MB Madaera
Lost 31.7 lbs fat
Built 11.7 lbs muscle


Chris Madaera
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Keelan Parham
Lost 30 lbs fat
Built 4 lbs muscle


Bob Marchesello
Lost 23.55 lbs fat
Built 8.55 lbs muscle


Jeff Turner
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Jeanenne Darden
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Ted Tucker
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Determine the Length of Your Workouts

Evaluate Your Progress

Keep Warm-Up in Perspective


ARCHIVES >>

"Doing more exercise with less intensity,"
Arthur Jones believes, "has all but
destroyed the actual great value
of weight training. Something
must be done . . . and quickly."
The New Bodybuilding for
Old-School Results supplies
MUCH of that "something."

 

This is one of 93 photos of Andy McCutcheon that are used in The New High-Intensity Training to illustrate the recommended exercises.

To find out more about McCutcheon and his training, click here.

 

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Not Training Hard Enough?
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Richard Glover

How close the knees get to the chest depends entirely on the individual and the machine being used. The hips can only flex so far, and after that the lower back starts to flex, and if the spine is flexed the hips tend to rise out of the seat as people push, and then you're pushing from your back, not through your hips. People have been injured doing this. We put people as close to the foot pedal as we can while not compromising safety.[/quote]

Whilst experimenting on a local gym's leg press trying to get rid of pins and needles I had been experiencing on it in previous sessions I sat too far forward and unfortunately experienced the aforementioned back 'problem' - it was sore for days!
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Drew Baye

Florida, USA

Richard Glover wrote:
Cheers Drew, great video. A couple of questions - do you perform forced reps in every workout? Also, what style of Nautilus equipment are you using?


Thanks Richard.

If I fall a bit short of 60 seconds I'll usually do one or two forced reps. If I'm more than a little over 60 seconds, I won't.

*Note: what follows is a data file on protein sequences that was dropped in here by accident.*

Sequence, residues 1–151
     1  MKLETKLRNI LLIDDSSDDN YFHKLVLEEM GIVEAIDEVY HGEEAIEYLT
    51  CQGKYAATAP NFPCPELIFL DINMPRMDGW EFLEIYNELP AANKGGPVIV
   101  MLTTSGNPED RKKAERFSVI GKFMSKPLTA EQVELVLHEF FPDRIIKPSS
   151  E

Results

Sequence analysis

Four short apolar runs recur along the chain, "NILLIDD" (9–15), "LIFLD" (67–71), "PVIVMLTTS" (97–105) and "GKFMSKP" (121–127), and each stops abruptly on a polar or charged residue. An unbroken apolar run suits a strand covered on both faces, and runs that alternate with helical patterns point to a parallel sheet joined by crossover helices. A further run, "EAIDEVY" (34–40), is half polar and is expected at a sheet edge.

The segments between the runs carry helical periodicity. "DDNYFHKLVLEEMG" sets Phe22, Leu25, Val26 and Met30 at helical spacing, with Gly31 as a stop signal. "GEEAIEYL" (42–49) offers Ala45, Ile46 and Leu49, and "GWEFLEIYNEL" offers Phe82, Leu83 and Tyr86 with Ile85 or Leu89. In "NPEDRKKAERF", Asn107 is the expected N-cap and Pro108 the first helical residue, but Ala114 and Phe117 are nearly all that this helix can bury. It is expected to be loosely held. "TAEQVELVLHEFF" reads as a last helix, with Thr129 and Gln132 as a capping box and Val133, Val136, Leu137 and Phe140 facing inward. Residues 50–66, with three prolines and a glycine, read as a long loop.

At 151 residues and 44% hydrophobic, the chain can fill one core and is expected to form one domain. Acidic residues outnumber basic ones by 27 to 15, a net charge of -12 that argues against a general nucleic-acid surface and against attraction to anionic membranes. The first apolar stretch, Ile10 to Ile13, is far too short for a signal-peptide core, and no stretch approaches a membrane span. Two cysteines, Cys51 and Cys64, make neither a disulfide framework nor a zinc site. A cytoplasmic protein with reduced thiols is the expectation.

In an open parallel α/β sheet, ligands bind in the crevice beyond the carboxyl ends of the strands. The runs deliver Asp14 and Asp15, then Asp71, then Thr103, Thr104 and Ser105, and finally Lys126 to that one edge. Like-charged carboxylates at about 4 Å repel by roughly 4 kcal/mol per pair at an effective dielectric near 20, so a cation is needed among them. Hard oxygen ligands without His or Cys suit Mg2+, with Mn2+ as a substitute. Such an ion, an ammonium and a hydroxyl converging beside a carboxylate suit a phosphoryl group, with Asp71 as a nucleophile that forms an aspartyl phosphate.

We're using the Nautilus Nitro equipment. We removed the decals because we think the equipment looks better without them.
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Paul25

Many Thanks for your time for filming the workout and loading it up on this site really appreacite that! It was imformative/helpful and I think most of us can tell how hard we are working now. Shame Cherry couldn't offer any support


Paul
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Wolfie

Thanks for the video Drew. A question about your intro. For those of us training alone, do you recommend a second set to failure? I'm on the floor for a good 15 minutes after a workout as it is.
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rtestes

Mississippi, USA

Drew

Thank you for the video. You laid yourself open to tons of critics who would be afraid to show their workouts.

I want to ask you about a few things. Your rep cadence seemed a bit fast, while your lack of any rest between sets seemed to only cause fatigue in a cardio manner. Why didn't you take 30-60 sec rest between sets? You seem to be wanting to build an O2 deficit rather than building the muscle. Is the complete lack of rest necessary to your idea of hard work?

Your choice of exercises, why did you choose them and their order? Any particuliar goal in mind?

Your breathing pattern, the choo, choo effect, do you feel this enhances your endurance rather than a more relaxed pattern?

Again it was a brave thing to do, thanks.

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JJ McClinton

Thanks for posting the video. How does the Nautilus Nitro lower back extension compare to the MEDX?
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kevindill

Maryland, USA

Drew,

Good work out man! My hats off to your for having the b*lls to put that out there like that. I think your point in the mini lecture is well made about the benefit of a coach or partner. Well done sir.

Regards,
Kevin
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Drew Baye

Florida, USA

Ellington Darden wrote:
I Here's my challenge to Drew:

How would you accurately record your videoed routine on a workout chart?


Once positive failure is reached, we note the time under load up to that point. If any additional techniques like forced reps or negatives are performed following positive failure, we note it after the TUL on the chart. For example, if I were to reach failure at 50 seconds and then perform two forced reps, it would be recorded as 50+2FR in the space for recording performance. If we did 2 negative only reps instead of forced reps, they'd be recorded as 50+2NO.

Partial reps aren't included in the overall TUL, but are recorded by number after the TUL. If 2 partial reps are performed after failure, they'd be recorded as +2PR

In the case of the incline press where the weight was dropped, we'd record the time at each weight, plus the negatives at the second weight: